20 minutes of previews?
First, we are treated to the wholly unnecessary remake of Poltergeist, a movie that was almost perfect in its original incarnation. We see several of the same exact same beats — the houses built over the cemetery, the clown, the ghostbuster, the hands on the TV, the killer tree. I can’t see this through the eyes of an 18 year old, but to anyone who saw the original back in the day, this preview pales on almost every point; and pales literally, since it is so dark.
Much of the success of the original was that it was constructed on sunny days, a new neighborhood, clean streets,and with a happy family with 2.5 kids — it was the Stephen King / Richard Matheson horror-in-our-own-neighborhood concept. Everything in this trailer goes for the cliched dark motif. The “harmless” toy clown is now sports an evil smirk, the new home is described as a fixer-upper, even the absolutely radiant blonde original Carol Anne is now a brunette.
And JoBeth Williams might have been the first MILF, even before there was an acronym for the phenomena. No one who enjoyed the original can be looking forward to this.
Insidious was fun. Insidious 2 was fun, but got a little too busy in the final act. Insidious 3 does not look like fun. Like the Poltergeist remake, all of the scares in the trailer are cheap jump-scares. And, for the love of God, can we have one movie that Lin Shaye is not in? OK, she’s not in Poltergeist, but she has 10 movies in 2015 so far in IMDb. Give someone else a chance.
On the other hand, Unfriended is not a sequel, looks like a low-budget joint and I didn’t recognize a single person in it. Yet, miraculously, I actually got several real chills from its preview, and not a single goose-bump from the other two. Maybe it will be crap, but it is the only one I could care less about seeing.
Each of these trailers was not 6+ minutes long, so there must have been others, but they were so uninteresting that I have forgotten them a few hours later.
And, hey Regal Cinema — no one cares about your nagging, product-placement-loaded roller coaster. Yes, texters should be killed — I think we can all agree on that — but you’re just delaying the movie another minute.
And now our feature presentation . . .
After seeing the film, I read many interpretations of It Follows. I don’t know that I really subscribe to any of them. Is it a metaphor for adolescence? For a budding young love affair? For an STD? Does the water represent innocence? Don’t know, don’t care.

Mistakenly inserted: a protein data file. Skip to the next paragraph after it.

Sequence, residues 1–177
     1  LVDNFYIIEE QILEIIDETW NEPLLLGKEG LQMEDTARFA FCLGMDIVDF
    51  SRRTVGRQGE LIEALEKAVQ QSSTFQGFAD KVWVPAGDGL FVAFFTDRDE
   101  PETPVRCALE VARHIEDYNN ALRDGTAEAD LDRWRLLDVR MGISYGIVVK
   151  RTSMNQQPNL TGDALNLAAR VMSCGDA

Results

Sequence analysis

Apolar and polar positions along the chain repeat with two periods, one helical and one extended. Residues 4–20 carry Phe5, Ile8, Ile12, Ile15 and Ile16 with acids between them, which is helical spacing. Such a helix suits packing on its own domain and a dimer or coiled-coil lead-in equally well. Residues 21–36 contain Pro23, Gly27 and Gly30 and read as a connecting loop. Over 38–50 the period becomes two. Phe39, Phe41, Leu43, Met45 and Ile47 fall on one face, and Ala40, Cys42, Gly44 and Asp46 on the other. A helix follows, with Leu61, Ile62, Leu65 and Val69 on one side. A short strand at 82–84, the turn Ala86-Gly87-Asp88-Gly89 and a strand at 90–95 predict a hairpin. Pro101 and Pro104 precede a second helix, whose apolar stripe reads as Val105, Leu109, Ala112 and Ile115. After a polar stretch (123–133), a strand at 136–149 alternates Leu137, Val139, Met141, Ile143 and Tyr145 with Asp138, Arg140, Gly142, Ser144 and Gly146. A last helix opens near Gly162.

We are thrust into the narrative immediately as we see a girl run from her house in a snappy lingerie set and spiked heels. How this ensemble was put put together is not explained, but is worthy of later reflection by the viewer. Her father comes after her, but she runs back into the house, presumably to get car keys as Victoria’s Secret still refuses to put pockets in their panties. She ends up at the beach, dead with a leg bent at the knee — the wrong way.
After having the sex with Jay in the backseat of a car, Hugh chloroforms her and ties her to a chair. He explains to her and to us that he has passed along a curse (although that word is never used, so thank God no one is trotting out the menstruation metaphor again). A thing is now going to follow her, but must never be allowed to catch her. Only she and previous owners of the curse can see this thing which can take the form of anyone. It is not clear why he ties her to a chair to make his point, as he does untie her and take her home (i.e. dumps her in the street) when the thing arrives.
The bulk of the movie is the very slow Michael Myers / Walking Dead speed pursuit of Jay (who is a teenage girl, BTW), sometimes across many miles of country. The relentlessness of the pursuit provides an over-arching suspense, and periodic battles with the thing provide some good scares and action. Like the Terminator, it absolutely will not stop until Jay is dead; or passes the curse to someone else via sex. And once Jay is dead, it will go back up the food-chain and kill Hugh.
The thing always shows up in the form of a person and only visible to Jay. On the first sighting, it is a completely naked woman. Other times, the thing takes the form of other women and men, some of which Jay recognizes. Kind of like er . . . The Thing. So the suspense is heightened — as in Paranormal Activity — by the viewer constantly being on the lookout for anyone in the background who could become a threat.
The viewer is also subtly kept off-balance by the indeterminate time of the film. Like the hatch in Lost which had an eclectic mixture of new appliances and 1970s stereo, there are conflicting signals. The cars all seen to be old family trucksters, but one girl seems to be reading from a clam-shell Kindle. Or maybe it is a cell-phone — if it is, it is the only cell-phone in the movie and is never used as one.
All of this keeps the viewer constantly on edge, and makes for a great experience. There is some wailing and moaning about a couple of scenes or unanswered questioned, but are you going to obsess over details, or have a good time?
- Despite all the references to other titles above, I never once felt like this was unoriginal.
- For some reason I can’t figure out, the thing frequently shows up totally or partially naked. This is not as good as it sounds as it rarely takes the form of anyone you want to see naked. Especially the naked guy standing on the roof — to be fair, he does thankfully appear to be wearing a Speedo, or is maybe is in desperate need of some manscaping.
- I took an immediate dislike to the score other than in the set-pieces. It seems to be praised everywhere else, though, so I am willing to chalk that up to a tin ear.